Those of you who already know me, will be aware that I’m exceptionally clever. That being said, even a superstar like me can screw up royally. The old adage of ‘keep business and pleasure separate’ has recently come up and slapped me round the chops. As a phrase, it’s not one I tend to agree with, business can be jolly pleasurable after all. It’s not illegal to have fun whilst you work and as we learned from Connect a while back, it’s cool to tweet about your cat. But if I’d followed a very simple rule a while back, I wouldn’t have spent the last few days pulling my hair out and cursing at the computer screen.
So, what’s the rule?
The rule is simple, when signing up to things online take five seconds to think about which email address you want to use, personal or business. And then take a further 5 seconds thinking about your username. A general rule of thumb is to try and make your handles as similar as possible across the interweb, unless you’re posting on some dark and dirty forums late at night in which case you may want a secret identity.
Email addresses, handles…what’s the big deal?
Granted you may at this point be wondering why the heck it really matters what email address you chose when you sign up to stuff, if you’re really hard to please you may even be wondering why they let a Brit on AgentGenius in the first place. Well, the big deal comes when you have a zillion online profiles and you change companies, as I have just found out. My work email address, which I’ve loved entering in to every registration form going, no longer exists. Which means being notified about new friends, comments, photos, kittens etc is nigh on impossible. Trust me when I say it takes forever to remember everything you’ve ever signed up for and to go through the hullabaloo of changing emails, verifying emails and so on.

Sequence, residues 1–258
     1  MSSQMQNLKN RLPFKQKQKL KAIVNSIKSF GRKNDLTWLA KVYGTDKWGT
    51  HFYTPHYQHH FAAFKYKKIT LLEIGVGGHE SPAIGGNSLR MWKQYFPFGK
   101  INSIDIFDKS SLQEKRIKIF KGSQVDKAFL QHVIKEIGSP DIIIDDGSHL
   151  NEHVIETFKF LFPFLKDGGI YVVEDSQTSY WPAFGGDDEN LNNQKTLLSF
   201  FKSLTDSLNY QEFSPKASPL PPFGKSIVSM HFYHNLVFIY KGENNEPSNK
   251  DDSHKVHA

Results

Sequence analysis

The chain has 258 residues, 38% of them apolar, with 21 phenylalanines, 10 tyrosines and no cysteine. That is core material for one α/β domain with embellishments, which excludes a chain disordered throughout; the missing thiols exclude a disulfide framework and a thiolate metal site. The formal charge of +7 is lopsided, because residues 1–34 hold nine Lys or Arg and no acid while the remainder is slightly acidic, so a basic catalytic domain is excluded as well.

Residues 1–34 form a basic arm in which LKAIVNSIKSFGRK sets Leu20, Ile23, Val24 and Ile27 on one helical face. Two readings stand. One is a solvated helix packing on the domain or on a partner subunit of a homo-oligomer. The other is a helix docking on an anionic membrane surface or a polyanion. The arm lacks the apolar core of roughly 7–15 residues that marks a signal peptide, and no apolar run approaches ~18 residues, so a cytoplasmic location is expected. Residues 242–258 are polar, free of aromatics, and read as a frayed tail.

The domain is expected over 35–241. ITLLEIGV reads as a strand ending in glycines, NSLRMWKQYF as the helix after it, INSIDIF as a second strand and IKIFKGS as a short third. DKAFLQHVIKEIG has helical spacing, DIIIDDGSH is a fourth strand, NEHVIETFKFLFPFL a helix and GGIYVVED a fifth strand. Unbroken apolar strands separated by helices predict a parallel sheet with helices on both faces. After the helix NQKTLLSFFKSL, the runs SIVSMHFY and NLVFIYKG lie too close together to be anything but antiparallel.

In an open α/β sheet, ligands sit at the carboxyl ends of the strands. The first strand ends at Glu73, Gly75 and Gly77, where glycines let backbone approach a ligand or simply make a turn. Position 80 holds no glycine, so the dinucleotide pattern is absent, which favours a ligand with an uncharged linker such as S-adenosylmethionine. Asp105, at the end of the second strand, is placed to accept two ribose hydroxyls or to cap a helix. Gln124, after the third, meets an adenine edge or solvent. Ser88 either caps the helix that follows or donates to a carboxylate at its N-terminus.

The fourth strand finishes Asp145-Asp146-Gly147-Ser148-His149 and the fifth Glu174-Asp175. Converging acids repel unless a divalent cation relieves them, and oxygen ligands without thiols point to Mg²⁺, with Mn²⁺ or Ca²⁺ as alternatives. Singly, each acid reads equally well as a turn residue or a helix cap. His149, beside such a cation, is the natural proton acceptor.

The handle issue is even worse.
Being the type of person that loves to pimp their wares online, I thought I was so brainy by including my company name in my handles. Every time someone would see anything I wrote, they’d get a nice reminder of the super duper company I worked for! Yay! Yay with a cherry on top! But now I don’t work for that company, regardless of my handle implying I do. Bummer. Bummer with a big fat stinkbomb on top. Online branding is fantastic, but to confuse your personal identity with you professional identity is just plain dumb. I’ve just had to fluster 400 odd Twitter followers by changing my name, so I won’t make this mistake again.
No doubt I’ll lose out somehow.
My heart bleeds a little when I think of all those comments I’ve made and links I’ve created to profile URLs that no longer exist thanks to this stupid name change. My advice would be to promote yourself, let your name be your handle, and then make the (easily changeable) profile links drive traffic to your company sites. You’ll always be you, but your professional interests may change.
I’ll get over it, slowly, but I just thought I’d share my story and maybe someone out there will learn from it.